I love the outdoor industry. I love the people, the energy and the genuine love for anything outside. But more and more, I’m noticing a trend that I don’t love: outdoor snobbery.
I was scrolling through my social media feeds the other day and the glaring elitism was blinding. One friend hashtagged a photo #MyLifeIsBetterThanYourVacation while another argued on Twitter that the proverbial “we” shouldn’t encourage newcomers to the outdoors because they were going to screw it up. The logic? If you want it bad enough, you’ll figure it out on your own….just like “we” did.
PC: All photos by Will Rochfort
And don’t even get me started on how many emails and comments I get from various people, accusing me of “ruining” places by writing about them. Because, of course you should be allowed in these places, but no one else?
Y’all, I get it. Getting outside does seem a bit like the latest trend du jour. Hipsters and mountain men alike are finding their way to the trails and the industry is noticing: there is a huge push in the gear world to scale products towards car camping. After all, entry-level enthusiasts are likely going to be interested in car camping before they dive headfirst into ultralight backpacking, yanno?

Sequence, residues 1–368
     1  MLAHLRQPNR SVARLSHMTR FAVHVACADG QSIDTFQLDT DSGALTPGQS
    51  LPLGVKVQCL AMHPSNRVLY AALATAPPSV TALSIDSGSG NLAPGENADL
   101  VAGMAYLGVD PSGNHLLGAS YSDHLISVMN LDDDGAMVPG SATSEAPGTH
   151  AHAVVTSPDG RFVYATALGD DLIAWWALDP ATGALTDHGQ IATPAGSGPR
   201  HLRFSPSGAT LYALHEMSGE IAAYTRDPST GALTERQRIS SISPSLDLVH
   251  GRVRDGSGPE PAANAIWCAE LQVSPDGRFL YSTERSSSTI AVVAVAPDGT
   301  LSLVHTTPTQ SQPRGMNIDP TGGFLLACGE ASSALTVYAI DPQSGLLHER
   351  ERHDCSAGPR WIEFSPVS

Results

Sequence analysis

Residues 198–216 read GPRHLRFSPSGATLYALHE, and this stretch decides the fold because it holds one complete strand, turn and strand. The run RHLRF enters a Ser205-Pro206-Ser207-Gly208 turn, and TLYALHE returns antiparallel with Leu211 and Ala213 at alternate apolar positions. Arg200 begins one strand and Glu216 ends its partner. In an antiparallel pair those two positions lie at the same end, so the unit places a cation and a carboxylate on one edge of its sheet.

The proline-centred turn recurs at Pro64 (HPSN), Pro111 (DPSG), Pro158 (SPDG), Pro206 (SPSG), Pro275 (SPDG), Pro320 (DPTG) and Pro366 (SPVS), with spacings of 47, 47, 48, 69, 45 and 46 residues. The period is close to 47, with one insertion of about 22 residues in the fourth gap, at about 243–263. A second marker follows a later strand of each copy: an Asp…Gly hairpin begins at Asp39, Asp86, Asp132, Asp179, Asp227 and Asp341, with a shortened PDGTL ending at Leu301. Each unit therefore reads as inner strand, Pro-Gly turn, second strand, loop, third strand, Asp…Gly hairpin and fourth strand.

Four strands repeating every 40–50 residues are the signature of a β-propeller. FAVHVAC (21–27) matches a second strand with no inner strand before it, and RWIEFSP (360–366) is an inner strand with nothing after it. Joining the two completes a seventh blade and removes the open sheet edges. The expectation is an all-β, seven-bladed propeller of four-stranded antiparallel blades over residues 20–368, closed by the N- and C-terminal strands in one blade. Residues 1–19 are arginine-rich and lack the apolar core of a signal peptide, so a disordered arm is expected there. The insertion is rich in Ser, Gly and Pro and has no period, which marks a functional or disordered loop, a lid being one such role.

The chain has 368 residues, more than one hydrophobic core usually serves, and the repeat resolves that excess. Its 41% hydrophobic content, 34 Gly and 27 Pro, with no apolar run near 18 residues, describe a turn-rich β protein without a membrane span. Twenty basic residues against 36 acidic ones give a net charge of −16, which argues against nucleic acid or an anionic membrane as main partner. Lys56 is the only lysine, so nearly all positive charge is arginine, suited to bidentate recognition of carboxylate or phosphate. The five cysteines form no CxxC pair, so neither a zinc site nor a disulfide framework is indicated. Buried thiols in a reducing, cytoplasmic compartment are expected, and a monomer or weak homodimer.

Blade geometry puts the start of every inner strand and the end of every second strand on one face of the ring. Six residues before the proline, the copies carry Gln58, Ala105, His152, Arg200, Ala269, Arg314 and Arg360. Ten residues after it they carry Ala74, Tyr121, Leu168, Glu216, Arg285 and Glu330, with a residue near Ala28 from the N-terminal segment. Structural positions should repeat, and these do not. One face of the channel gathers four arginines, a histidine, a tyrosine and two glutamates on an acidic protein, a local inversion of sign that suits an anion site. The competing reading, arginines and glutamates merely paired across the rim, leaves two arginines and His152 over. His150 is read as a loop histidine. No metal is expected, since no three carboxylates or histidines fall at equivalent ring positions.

But what is with the snobbery? When did we become a group of holier-than-thou individuals who think that our prized wilderness delights are only for a select few? The type of people that specifically hashtag photos in an effort to make others feel worse about themselves?
My friend Katie speaks the truth.
Yes, trails are more crowded. And sometimes, these uneducated crowds of newcomers do stupid things like graffiti on canyon walls or topple ancient natural wonders. And absolutely, this sucks. But assuming all newcomers to be careless individuals is an arrogant and dangerous assumption. Think back to your early-outdoors self: you probably dressed in cotton, maybe wore a pair of jeans on your first hike, and carried a water bottle in your hand. You still learned what you were doing; you evolved. Why can’t we assume the same for everyone?
Why do we have the right to act as gatekeepers to the outdoors? Do we now get to determine individuals’ worth and deservedness to be outside?
No. Because not a single one of us is better than anyone else. Not a single one of us is more deserving that another. There are 7 billion people on this planet and we have to get along. We have to share our love for the outdoors rather than isolate those of us with less experience.
The outdoor industry has always been a place to share knowledge and experiences, focusing on the core love of Mother Nature. Don’t change that. Don’t scare people away with condescending attitudes and assumptions that your life is better than those out of the know.
Let’s keep it a place where everyone belongs.